"Universal health care is not enough; there are large numbers of people who clinically are eligible for HIV treatment, and they are not receiving it in Canada," she adds.

"These include sex trade workers, homeless people, injection drug users, and others," she explains. "The idea is to go out into the community and offer people rapid HIV testing and engage those who test positive in care and treatment."

More than 5,000 people are on HAART in British Columbia, where the epidemic is concentrated primarily among men who have sex with men (MSM), injection drug use, and sex workers. This number is expected to increase as Seek and Treat, which started earlier this year, begins to have a positive impact on engaging more people in care.

The impact likely will include reduced rates of AIDS-defining illness, and result in a reduction of emergency room use and hospitalizations, Vasarhelyi says.

"We're looking at what would be the impact of HAART expansion on health care costs and utilization," Rutherford says.

From a public health perspective, the widespread use of HAART among a marginalized population could have a big impact on reducing transmission rates.

"There have been different mathematical models that show the use of HAART lowers community viral load, and, in doing so, very much lowers the risk of infection," says William McColl, political director of AIDS Action in Washington, DC.

"It creates the possibility or potential of lowering infection rates to such a low level that you can contain the epidemic," McColl says. "One of the groups that has been doing a lot of work on that concept is Project Inform in San Francisco, California."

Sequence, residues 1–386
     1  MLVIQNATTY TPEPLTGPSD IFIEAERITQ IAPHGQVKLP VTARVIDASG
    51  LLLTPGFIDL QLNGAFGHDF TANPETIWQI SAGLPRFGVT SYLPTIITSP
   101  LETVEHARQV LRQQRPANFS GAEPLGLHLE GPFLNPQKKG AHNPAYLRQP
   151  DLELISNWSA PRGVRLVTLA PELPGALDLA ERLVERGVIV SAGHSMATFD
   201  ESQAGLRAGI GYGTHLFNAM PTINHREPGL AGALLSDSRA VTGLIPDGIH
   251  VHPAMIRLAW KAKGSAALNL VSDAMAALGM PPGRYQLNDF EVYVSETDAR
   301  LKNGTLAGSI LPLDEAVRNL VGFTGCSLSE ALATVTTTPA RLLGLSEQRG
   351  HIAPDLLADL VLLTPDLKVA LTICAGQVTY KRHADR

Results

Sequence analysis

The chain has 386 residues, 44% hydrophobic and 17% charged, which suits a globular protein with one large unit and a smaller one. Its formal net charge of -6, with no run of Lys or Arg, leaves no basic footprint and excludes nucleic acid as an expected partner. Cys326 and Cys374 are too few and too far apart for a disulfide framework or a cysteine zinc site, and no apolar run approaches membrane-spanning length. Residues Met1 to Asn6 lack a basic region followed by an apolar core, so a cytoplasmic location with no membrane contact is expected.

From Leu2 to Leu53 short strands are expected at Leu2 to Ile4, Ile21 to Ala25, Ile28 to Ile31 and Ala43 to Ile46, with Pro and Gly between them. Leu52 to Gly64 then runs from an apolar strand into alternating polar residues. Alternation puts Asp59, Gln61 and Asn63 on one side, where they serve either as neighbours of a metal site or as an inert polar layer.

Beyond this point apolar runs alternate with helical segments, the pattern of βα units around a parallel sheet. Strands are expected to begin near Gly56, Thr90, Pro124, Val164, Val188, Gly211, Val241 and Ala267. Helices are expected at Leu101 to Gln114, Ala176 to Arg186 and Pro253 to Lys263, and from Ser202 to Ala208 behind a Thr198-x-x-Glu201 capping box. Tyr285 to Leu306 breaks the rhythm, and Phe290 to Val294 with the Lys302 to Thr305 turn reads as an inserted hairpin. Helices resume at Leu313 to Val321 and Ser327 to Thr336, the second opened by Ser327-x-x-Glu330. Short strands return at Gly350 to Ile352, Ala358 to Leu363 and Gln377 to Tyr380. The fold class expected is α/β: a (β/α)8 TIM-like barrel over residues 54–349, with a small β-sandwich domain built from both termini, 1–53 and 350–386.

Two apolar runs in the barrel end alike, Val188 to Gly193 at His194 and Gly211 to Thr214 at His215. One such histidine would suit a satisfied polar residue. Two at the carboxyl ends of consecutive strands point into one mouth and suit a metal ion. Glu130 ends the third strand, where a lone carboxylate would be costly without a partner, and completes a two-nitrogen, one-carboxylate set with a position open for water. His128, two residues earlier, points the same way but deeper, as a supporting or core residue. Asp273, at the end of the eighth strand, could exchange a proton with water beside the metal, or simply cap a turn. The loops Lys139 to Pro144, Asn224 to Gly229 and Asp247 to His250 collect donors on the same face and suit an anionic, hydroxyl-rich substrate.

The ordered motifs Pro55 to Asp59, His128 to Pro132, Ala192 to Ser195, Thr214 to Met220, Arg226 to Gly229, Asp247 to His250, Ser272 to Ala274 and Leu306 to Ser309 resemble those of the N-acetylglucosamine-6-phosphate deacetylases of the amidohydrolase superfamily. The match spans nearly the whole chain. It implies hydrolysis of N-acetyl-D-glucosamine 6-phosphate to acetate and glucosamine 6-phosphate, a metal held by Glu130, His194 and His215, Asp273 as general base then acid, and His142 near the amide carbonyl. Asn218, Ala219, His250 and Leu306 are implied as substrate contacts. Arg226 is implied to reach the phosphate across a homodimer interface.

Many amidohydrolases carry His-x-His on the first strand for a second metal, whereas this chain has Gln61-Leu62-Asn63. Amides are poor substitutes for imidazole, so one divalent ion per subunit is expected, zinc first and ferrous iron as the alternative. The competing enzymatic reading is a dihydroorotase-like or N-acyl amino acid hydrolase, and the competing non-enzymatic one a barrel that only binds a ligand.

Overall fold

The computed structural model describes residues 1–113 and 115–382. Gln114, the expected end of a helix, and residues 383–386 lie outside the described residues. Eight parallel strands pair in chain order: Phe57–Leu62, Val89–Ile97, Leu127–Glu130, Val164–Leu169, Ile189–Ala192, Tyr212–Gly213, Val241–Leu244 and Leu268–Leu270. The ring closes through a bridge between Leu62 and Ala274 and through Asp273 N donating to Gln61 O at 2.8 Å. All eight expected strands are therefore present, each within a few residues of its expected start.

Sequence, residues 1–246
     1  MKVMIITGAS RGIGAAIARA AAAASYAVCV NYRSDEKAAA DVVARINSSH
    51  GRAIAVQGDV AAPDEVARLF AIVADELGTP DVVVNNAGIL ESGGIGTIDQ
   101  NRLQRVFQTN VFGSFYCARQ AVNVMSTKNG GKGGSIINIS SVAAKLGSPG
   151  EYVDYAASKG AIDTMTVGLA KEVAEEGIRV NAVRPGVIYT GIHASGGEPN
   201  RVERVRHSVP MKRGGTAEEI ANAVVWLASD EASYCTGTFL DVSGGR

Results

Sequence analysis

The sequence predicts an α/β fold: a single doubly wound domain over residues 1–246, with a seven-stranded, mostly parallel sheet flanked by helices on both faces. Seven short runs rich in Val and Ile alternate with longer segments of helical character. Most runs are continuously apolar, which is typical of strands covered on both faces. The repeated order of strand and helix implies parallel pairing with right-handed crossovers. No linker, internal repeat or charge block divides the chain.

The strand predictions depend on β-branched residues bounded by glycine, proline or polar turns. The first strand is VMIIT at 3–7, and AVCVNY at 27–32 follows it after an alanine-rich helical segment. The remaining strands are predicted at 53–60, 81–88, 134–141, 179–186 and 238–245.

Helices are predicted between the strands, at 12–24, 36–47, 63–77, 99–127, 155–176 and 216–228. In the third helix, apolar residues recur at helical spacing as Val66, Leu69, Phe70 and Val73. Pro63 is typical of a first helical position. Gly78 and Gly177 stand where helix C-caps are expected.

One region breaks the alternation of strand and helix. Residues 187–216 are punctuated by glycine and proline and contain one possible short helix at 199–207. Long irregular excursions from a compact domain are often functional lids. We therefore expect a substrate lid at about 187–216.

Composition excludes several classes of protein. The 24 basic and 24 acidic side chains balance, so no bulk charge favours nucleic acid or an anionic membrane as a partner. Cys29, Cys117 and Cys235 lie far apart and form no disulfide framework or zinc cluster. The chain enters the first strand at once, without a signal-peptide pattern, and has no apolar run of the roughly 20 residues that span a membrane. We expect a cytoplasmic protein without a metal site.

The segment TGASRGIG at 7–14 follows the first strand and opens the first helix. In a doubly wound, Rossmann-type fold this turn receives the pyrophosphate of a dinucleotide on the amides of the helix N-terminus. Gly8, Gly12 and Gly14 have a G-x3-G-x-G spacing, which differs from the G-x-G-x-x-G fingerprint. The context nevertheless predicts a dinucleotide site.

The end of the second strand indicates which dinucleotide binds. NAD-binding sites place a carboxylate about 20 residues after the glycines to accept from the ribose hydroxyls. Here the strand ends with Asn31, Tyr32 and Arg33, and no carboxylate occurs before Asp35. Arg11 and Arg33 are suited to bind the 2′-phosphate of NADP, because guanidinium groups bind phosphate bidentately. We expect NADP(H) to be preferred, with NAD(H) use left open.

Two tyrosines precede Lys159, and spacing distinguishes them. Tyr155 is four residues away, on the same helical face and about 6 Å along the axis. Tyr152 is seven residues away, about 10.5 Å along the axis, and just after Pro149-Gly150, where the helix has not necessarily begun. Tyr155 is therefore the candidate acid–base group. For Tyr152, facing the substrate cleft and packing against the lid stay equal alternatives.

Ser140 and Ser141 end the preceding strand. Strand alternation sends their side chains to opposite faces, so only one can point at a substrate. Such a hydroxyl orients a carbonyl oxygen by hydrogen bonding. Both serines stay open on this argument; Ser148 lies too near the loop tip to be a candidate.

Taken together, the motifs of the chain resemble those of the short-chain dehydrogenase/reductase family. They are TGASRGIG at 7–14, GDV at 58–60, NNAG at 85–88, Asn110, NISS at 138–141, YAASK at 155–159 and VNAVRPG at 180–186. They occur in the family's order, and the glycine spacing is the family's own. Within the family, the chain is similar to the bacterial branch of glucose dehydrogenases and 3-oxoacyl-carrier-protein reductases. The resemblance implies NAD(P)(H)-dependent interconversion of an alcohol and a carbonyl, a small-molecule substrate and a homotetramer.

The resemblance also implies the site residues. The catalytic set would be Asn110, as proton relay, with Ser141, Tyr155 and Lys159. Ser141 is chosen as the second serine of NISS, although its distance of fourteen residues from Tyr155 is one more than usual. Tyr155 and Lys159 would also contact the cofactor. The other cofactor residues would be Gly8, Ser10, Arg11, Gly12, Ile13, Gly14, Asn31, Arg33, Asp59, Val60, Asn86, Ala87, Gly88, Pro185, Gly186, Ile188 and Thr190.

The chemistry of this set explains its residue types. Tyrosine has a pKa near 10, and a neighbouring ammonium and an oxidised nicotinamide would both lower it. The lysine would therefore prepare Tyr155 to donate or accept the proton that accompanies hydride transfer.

CDC pursuing strategy

Also, the Centers for Disease Control and Prevention (CDC) in Atlanta, GA, has a test and treat initiative for the U.S. population as a whole.

Targeting a specific marginalized population with this strategy is a way to provide a functional cure, McColl notes.

"What we realize with this mathematical model is we have the means within our grasp to roll back and contain the epidemic," he adds. "The road is long and hard, and it's difficult to provide HAART to everyone, but the long-term implications are extremely exciting."

In the United States, the federal government's policy change last December of removing the ban on the use of syringe exchange programs could have a positive impact on reducing the HIV epidemic among injection drug users, as well.

"HIV organizations, civil rights organizations, and even substance abuse organizations have been calling for the implementation of syringe exchange for 20 years," McColl says.

"It's been a lost opportunity, and probably tens of thousands of people who contracted HIV through this method and the corresponding deaths could have been averted with a fast government response," he adds. "Instead, we've had dithering for 20 years."

Unfortunately, even the Congressional action to remove the ban on syringe exchange was not followed by action to increase funding for such programs, he notes.

"It looks to me like there is little or no funding going out with the Fiscal Year 2010 funding," he adds.

Still, the ban's elimination likely will result in more local authorities deciding to fund such programs.

"It should have happened 20 years ago, but it's a positive step forward," McColl says.

Reference

  1. Bastani P, Hogg RS, Marshall B, et al. Highly Active Antiretroviral Therapy eliminates HIV epidemics in a network model of an injecting drug user community. Poster presented at the 2010 Conference on Retroviruses and Opportunistic Infections (CROI), held Feb. 16-19, 2010, in San Francisco, CA.